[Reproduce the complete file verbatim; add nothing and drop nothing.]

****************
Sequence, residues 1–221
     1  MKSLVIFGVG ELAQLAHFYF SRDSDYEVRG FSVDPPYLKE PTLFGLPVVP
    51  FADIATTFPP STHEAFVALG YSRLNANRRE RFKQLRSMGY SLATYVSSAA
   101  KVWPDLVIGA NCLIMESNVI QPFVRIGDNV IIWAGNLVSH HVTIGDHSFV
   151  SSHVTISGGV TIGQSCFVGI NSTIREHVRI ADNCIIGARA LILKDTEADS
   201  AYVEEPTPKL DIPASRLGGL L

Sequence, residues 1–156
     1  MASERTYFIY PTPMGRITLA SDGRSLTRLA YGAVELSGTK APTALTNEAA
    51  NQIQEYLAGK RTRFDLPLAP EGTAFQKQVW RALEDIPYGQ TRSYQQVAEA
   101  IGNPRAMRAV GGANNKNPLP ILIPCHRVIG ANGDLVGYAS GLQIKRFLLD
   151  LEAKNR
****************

Sequence, residues 1–221
     1  MKSLVIFGVG ELAQLAHFYF SRDSDYEVRG FSVDPPYLKE PTLFGLPVVP
    51  FADIATTFPP STHEAFVALG YSRLNANRRE RFKQLRSMGY SLATYVSSAA
   101  KVWPDLVIGA NCLIMESNVI QPFVRIGDNV IIWAGNLVSH HVTIGDHSFV
   151  SSHVTISGGV TIGQSCFVGI NSTIREHVRI ADNCIIGARA LILKDTEADS
   201  AYVEEPTPKL DIPASRLGGL L

Sequence, residues 1–156
     1  MASERTYFIY PTPMGRITLA SDGRSLTRLA YGAVELSGTK APTALTNEAA
    51  NQIQEYLAGK RTRFDLPLAP EGTAFQKQVW RALEDIPYGQ TRSYQQVAEA
   101  IGNPRAMRAV GGANNKNPLP ILIPCHRVIG ANGDLVGYAS GLQIKRFLLD
   151  LEAKNR